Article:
There are cases where dogs have become more aggressive towards people and animals after being neutered. However, no studies have been able to conclusively link the two. There are some reasons that are believed to cause the aggression in recently neutered dogs.
  • As the dog will be in some amount of pain after the surgery, he may become defensive as a means to protect himself. An injured animal is a weak one, susceptible to being preyed upon in the wild, which may be making your dog aggressive. In this case, it is best to consult the vet and get the pain medications changed if required.
  • Another reason may be that, as the dog nears complete recovery, he may begin to get bored sitting around. If your pet who is used to daily runs or jogs is asked to take complete rest after the procedure, then all his pent-up energy may be making him jumpy. You should consult your vet about this, and take his/her advice on how to start up your dog's daily routine again.
There is also a chance that your dog is still traumatized from the entire experience of the vet, the surgery, and accompanied pain. Give him at least a week to calm down; be with him, assure him that you love him, and try to make him feel as secure as possible. If there is no change even after 8 to 10 days, then it is best to take the help of a behavior expert. Most importantly, do not go ahead with the procedure if your dog is in an agitated state of mind; let him calm down first, as going ahead with the procedure in this state will only increase his anxiety.

Some Misconceptions: How Will Neutering Change My Dog?

Myth: My dog will no longer guard the house after neutering.
Fact: Neutering doesn't affect the basic temperament and intelligence of the dog.

Myth: My dog will feel less manly after being neutered.
Fact: Neutering will not change your dog's personality. Dogs do not feel such things; owners do.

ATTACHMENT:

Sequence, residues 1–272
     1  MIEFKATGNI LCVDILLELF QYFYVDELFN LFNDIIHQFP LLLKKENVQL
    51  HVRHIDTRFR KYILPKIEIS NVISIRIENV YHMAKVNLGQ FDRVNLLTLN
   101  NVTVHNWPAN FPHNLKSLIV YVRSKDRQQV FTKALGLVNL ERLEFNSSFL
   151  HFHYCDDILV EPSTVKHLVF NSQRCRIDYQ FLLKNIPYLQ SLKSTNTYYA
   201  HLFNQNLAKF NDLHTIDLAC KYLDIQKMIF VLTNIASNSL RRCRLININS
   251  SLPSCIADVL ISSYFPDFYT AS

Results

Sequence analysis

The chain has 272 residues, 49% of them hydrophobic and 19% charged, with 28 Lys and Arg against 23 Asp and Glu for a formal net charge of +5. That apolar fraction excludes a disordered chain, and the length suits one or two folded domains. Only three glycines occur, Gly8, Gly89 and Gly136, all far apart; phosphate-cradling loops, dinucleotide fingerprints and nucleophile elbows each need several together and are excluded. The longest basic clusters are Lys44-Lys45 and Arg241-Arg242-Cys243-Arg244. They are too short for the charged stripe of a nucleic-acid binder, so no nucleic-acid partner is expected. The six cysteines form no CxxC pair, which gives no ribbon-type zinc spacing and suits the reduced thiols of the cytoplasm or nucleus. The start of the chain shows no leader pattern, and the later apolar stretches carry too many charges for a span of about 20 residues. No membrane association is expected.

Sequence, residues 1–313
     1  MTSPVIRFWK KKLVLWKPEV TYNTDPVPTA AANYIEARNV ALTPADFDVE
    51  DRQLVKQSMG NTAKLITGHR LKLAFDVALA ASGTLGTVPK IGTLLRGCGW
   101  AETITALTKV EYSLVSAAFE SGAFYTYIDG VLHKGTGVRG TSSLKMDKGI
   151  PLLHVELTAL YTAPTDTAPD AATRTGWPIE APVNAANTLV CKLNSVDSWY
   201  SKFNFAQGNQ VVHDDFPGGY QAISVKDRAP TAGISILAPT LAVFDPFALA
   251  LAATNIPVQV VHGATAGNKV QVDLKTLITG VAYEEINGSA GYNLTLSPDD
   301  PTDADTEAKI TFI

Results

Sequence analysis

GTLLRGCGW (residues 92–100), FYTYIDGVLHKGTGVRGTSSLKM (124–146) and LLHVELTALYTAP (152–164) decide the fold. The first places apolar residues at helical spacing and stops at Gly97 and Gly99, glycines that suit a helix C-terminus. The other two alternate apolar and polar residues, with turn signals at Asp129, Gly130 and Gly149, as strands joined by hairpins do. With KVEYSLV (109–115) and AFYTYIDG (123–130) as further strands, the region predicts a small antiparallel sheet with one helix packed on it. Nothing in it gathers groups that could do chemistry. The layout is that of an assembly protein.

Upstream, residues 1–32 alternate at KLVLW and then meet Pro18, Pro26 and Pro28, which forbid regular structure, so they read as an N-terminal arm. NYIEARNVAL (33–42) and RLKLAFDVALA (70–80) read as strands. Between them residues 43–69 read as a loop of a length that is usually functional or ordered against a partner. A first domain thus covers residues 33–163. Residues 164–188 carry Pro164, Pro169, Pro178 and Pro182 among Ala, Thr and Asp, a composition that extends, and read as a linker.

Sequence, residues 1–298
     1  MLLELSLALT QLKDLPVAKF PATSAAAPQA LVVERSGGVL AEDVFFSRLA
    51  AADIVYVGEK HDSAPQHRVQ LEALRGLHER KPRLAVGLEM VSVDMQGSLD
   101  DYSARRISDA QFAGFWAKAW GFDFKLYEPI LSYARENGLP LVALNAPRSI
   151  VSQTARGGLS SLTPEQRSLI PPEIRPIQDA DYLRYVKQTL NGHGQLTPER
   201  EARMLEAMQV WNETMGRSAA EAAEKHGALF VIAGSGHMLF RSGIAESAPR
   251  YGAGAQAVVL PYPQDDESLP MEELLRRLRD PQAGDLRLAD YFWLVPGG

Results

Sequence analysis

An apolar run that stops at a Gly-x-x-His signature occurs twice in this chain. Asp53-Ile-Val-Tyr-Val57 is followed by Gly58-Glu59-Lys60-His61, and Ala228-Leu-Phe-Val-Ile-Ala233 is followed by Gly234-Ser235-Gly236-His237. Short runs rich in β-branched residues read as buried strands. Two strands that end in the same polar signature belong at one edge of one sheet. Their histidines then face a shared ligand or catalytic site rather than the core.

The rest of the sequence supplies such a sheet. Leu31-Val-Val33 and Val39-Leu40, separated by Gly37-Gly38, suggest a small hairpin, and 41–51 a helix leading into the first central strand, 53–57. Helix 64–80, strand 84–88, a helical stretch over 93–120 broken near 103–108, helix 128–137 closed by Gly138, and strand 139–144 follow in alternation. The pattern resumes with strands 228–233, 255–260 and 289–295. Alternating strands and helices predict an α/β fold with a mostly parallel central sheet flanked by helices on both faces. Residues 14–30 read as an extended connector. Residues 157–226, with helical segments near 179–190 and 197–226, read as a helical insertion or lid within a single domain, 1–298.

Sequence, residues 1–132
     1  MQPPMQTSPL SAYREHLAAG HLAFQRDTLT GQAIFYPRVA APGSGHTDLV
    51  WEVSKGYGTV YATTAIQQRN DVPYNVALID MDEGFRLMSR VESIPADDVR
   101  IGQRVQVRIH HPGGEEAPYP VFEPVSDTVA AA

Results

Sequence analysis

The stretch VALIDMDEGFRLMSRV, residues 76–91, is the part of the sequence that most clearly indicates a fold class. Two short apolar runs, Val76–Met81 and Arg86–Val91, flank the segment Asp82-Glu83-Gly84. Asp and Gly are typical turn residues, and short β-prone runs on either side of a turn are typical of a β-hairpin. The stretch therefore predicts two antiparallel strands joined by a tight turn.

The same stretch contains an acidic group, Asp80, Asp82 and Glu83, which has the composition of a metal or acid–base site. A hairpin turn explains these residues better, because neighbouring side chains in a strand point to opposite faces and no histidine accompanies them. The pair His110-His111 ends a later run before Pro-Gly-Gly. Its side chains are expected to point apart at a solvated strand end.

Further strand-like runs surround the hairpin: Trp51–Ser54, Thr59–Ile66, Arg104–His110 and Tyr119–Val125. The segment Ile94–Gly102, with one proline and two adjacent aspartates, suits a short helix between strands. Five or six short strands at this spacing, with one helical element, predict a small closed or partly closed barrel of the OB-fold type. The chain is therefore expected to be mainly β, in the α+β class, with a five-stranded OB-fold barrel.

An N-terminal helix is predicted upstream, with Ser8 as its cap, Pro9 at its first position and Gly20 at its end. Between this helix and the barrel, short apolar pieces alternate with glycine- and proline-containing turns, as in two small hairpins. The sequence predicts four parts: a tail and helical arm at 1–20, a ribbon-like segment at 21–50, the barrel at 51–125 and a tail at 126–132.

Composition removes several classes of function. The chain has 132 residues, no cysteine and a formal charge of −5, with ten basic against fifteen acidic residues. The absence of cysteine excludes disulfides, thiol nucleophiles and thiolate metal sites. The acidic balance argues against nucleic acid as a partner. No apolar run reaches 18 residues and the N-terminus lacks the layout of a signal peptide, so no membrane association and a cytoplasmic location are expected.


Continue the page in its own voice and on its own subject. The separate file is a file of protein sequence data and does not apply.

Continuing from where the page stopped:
Myth: My dog will become depressed.
Fact: Dogs do not feel sad or depressed about the inability to have puppies. Male dogs do not even participate in the rearing of the litter.

Myth: My dog will become fat.
Fact: It depends on how much you feed him. Due to a reduced metabolic rate, neutered dogs need to be fed 25-30% less calories.

Myth: Neutering will fix all the issues in my dog.
Fact: Any personality or behavior issues will not be automatically 'fixed' by neutering. They will require separate treatment.

Myth: Neutering is expensive.
Fact: There are many low-expense neutering options available. The cost of neutering your dog is less than the expenses incurred in 10 to 12 months on taking care of a puppy.

Pros and Cons

The benefits of neutering include some health benefits like reduced chances of hernias and testicular tumors, lesser chances of encountering prostate problems, reduction in testosterone-related problems like epilepsy, and also changes in the above-mentioned behavior issues like urine marking and mounting.

As there is a flip side to every coin, neutering also has its share of cons. These include chances of the dog becoming less playful, gaining weight if a proper diet is not followed, and possible health issues like hip dysplasia, osteosarcoma, hypothyroidism, and hemangiosarcoma.

Neutering is not something that must be taken lightly. It is a major change for your dog. Thus, weigh the pros and cons, consider its necessity and usefulness, and definitely do not go for it just because a lot of other people are, and so you think that you too are "supposed to". Make an informed decision after consulting your vet, and go ahead with it only if you think it is right. Remember, you are making a major decision for another life here.